Current drought conditions could negatively influence Georgia peanut farmers’ plans for this year’s dryland crop, according to University of Georgia Cooperative Extension peanut agronomist Scott Monfort.
Posted on 08/15/19 by Sharon Dowdy, Merritt Melancon
The sudden and unexpected death of a Marietta, Georgia, couple’s beloved dog after swimming with its owners in Lake Allatoona has filled social media feeds since the incident on Aug. 10. The incident brings to light the dangers of toxic algae growth. In neighboring North Carolina, another couple lost three dogs in one day after an afternoon swim in a pond.
Drought-like conditions this summer are forcing Georgia forage farmers to delay treatments for Bermuda grass stem maggot, according to Lisa Baxter, University of Georgia Cooperative Extension forage specialist.
During a summer when Georgia corn farmers have relied heavily on their irrigation systems working effectively, many struggled with equipment malfunctions that may have reduced crop yields. University of Georgia Cooperative Extension irrigation specialist Wes Porter believes that those problems can be avoided in the future if producers make necessary modifications after the growing season.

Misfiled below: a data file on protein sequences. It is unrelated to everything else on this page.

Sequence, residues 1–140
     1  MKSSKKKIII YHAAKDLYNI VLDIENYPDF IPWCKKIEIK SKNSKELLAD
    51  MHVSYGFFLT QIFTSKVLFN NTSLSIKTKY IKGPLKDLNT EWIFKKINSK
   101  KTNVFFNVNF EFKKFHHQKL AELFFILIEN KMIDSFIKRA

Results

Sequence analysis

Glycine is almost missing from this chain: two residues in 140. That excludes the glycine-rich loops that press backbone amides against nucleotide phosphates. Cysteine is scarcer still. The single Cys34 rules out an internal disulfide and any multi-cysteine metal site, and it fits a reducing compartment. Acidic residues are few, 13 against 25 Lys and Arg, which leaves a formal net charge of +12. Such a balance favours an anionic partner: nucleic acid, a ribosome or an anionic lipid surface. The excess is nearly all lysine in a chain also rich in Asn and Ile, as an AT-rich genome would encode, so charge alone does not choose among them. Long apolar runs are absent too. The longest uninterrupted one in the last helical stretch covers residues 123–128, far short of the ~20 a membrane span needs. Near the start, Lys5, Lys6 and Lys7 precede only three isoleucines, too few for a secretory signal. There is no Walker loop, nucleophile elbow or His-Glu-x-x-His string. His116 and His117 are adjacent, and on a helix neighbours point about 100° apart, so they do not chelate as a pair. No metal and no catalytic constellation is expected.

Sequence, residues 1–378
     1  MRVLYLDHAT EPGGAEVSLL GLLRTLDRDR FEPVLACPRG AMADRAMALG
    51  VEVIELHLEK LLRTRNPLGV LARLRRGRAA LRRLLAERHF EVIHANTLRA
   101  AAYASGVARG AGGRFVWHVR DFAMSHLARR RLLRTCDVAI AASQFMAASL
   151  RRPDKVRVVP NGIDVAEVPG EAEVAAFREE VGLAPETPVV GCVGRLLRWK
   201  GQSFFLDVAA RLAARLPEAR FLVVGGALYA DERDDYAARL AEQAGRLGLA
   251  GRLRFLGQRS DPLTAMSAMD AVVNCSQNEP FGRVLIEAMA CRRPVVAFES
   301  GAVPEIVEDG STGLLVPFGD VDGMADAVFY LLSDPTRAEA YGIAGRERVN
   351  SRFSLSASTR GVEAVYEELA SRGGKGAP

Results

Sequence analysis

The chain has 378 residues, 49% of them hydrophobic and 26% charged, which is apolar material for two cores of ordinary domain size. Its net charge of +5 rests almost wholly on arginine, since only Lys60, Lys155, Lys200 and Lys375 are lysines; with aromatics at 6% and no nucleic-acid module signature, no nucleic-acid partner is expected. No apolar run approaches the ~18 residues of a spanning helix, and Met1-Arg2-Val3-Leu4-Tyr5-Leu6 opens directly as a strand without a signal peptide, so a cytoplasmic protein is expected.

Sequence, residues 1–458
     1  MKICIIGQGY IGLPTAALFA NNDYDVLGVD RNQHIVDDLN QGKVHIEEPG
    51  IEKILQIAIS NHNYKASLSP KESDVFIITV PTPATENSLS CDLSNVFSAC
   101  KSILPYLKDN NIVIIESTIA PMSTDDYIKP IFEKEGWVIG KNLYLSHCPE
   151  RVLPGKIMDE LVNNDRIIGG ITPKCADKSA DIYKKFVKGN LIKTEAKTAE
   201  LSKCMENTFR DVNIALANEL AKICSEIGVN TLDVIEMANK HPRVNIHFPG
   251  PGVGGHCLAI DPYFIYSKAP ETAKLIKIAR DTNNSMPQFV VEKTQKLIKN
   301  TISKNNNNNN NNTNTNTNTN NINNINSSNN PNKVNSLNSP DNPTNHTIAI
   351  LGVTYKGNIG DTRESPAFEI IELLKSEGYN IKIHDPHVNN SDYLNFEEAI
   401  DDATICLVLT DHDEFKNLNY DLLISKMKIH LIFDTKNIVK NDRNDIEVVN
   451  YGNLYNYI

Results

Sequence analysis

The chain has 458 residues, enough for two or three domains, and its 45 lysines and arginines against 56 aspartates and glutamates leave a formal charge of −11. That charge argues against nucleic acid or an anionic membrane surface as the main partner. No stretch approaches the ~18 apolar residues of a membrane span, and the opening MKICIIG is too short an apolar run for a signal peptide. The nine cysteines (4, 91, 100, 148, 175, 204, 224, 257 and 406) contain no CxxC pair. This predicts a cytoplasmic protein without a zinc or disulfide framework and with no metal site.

Georgia peach farmers are feeling “peachy” about the outlook for this season’s crop, which is expected to more than double last year’s volume, according to Jeff Cook, University of Georgia Cooperative Extension Agriculture and Natural Resources agent for Peach and Taylor counties.
Nearly a year after thousands of trees were destroyed by Hurricane Michael, Georgia pecan producers are reporting the dieback of pecan branches and leaf burning in trees that survived the October 2018 storm, according to Lenny Wells, University of Georgia Cooperative Extension pecan specialist.
Landscape irrigation can be tricky, especially in the summer. During the month of July — Smart Irrigation Month — University of Georgia experts have advice on how to use irrigation as efficiently as possible.
Water conservation is a part of the everyday work done at the University of Georgia’s Stripling Irrigation Research Park (SIRP), where scientists are constantly developing innovative sustainable agricultural practices. Georgia farmers can see some of those methods firsthand on Thursday, July 18, during the park’s annual field day beginning at 8:30 a.m.